In celebration of Independent Bookshop Week, we asked our wonderful authors what their favourite bookshop is and why they support independent bookshops.
Birmingham, where I live is a fine place, but rather short of independent booksellers! So I mostly use its libraries and buy a lot of books from the Oxfam bookshops in Moseley and Harborne. Now that lockdown is lifting, I can travel to other cities and towns, revisiting all sorts of independent and/or alternative and/or radical bookshops. I don’t get to Nottingham’s Five Leaves Bookshop often enough, but they do a splendid job when it comes to organising events and creating a community of readers and writers.
I love being in bookshops. I love the smell and the atmosphere of them, and I love the fact that a really good bookshop is somehow timeless – not old fashioned or fusty but rather able to transcend the here and now in the same way a good book does. My local favourite independent bookshop is City Books in Hove for this very reason: it isn’t fancy or state of the art; there isn’t a coffee shop or even space for events; it is small and perhaps a little bit cramped but it’s a proper bookshop – well stocked, eclectic, unpretentious, with attentive, knowledgeable staff and passionate, thoughtful owners who embed themselves in the heart of the lively community of writers and readers in Brighton & Hove. Paul and Inge know what they are doing and clearly love what they do – they go out of the way to support local authors, organise readings off site and are often found alongside members their small team cheerfully running bookstalls piled high with well curated titles at all kinds of booky events across town and beyond. City Books is a great bookshop and Hove wouldn’t be the same without it.
Indie bookshops offer a human component that massive faceless online retailers can’t replicate. I have yet to meet a bookseller who isn’t a bibliophile and as an author this means a lot as it makes me feel my work is valued. As a reader, I feel part of a community in an indie bookshop – I am with like-minded people and that’s always a nice feeling. Furthermore, indie bookshops pay their taxes, supporting the NHS, education and other important things that keep society going – this is important to me.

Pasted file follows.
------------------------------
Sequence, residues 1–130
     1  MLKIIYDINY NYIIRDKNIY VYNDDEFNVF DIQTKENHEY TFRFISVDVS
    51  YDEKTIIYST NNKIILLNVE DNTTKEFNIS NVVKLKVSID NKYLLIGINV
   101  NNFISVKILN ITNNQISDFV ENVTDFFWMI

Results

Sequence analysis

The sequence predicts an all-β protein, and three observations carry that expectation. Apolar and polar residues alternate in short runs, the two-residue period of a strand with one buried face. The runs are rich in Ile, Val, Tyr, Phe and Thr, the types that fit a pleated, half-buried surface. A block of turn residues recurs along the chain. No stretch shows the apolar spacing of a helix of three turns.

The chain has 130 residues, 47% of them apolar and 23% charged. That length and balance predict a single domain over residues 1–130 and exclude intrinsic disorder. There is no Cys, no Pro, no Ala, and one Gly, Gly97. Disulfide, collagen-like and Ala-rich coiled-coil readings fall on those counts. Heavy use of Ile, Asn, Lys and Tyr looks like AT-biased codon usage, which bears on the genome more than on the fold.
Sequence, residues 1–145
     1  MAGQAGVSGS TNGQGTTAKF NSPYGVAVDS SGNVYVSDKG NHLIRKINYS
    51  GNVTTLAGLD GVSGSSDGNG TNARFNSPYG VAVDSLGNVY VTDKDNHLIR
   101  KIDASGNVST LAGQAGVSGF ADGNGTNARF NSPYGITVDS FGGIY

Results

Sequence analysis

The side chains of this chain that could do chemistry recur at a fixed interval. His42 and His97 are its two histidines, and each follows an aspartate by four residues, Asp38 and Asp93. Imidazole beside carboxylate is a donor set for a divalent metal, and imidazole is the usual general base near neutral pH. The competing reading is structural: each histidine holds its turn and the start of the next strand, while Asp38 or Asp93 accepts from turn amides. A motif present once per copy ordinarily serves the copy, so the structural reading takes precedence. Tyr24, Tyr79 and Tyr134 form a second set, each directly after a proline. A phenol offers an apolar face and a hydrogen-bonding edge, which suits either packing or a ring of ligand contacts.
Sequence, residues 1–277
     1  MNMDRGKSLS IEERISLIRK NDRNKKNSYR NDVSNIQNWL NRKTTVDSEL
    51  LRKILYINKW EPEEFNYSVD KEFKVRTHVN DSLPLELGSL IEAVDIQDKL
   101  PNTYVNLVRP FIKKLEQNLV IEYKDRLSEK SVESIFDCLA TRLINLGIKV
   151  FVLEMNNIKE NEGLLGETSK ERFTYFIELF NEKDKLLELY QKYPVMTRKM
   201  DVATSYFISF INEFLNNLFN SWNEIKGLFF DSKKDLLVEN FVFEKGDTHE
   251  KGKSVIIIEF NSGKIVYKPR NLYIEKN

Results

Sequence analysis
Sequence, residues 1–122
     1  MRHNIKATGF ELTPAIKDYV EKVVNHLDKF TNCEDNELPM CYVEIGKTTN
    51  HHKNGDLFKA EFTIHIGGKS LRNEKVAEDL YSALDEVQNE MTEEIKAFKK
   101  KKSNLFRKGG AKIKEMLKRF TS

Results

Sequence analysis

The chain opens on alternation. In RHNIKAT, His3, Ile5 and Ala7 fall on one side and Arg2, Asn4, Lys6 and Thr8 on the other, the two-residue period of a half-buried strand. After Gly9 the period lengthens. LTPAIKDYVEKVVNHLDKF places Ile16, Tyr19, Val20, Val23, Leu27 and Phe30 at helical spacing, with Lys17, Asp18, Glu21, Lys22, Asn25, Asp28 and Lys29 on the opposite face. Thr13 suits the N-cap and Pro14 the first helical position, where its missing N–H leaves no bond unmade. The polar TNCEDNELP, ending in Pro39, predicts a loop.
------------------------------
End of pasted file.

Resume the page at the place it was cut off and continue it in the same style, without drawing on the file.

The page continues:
C D Rose
There are many bookshops across the world which I love, each one with its own unique qualities. Whenever I am in East Anglia, I always try to visit the Book Hive in Norwich. It’s a tiny place, winding over two floors and four rooms, with an angular staircase often piled with books. It doesn’t stock obvious titles, but mostly single copies of books which manage to seem uniquely interesting. Owner Henry Layte is a regular presence, and all the booksellers there are as charming and well-informed as the shop itself.
I have recently moved back to the North, and have been delighted to find Hebden Bridge’s The Book Case less than five minutes walk from where I now live. It’s been closed for a while, but now it’s open again, I’m looking forward to finding what it holds.
Independent bookshops are as valuable as independent publishers, and independent writers. Each play their part in the literary ecosystem, of keeping words, and stories, and books alive in a world which would be so much the less without them.
I must admit I haven’t shopped in an actual bookshop for well over a year now, but my favourite indie would be Sevenoaks Bookshop in Kent, who I discovered during the pandemic. I haven’t actually been there but I’ve worked with Fleur and her team sourcing and providing books for book events I’ve hosted through my job at Black Ballad and I love their passion and it’s been great to see them go from strength to strength even during a challenging time.
I think Indie bookshops are communities in and of themselves, and it’s important to maintain these links and ideas of community even as things go more digital. With more Indies now also selling online, supporting them and the work they do is easier than ever!
Lucie McKnight Hardy
Ledbury Books and Maps – in the Herefordshire market town of the same name – is a gem of a bookshop. It has been going for more than thirty years, and for the last ten has had Lindsay Jackson at the helm. Lindsay is a brilliant bookseller and she and her team are always an enthusiastic source of advice and recommendations (and gossip!). It’s a friendly and welcoming place that is always well-stocked. It’s also the official bookseller for the Ledbury Poetry Festival, which means that Lindsay was able to sneak a copy of my novel to Margaret Atwood when she was in town a couple of years ago. I often wonder if she read it.
Independent bookshops bring something special to the high street – colour and vibrancy and verve. The people running them and working in them are hugely knowledgeable, with a passion for books and reading. Visiting an independent bookshop to buy a book makes an otherwise perfunctory transaction an utter pleasure.
By Khadisha Thomas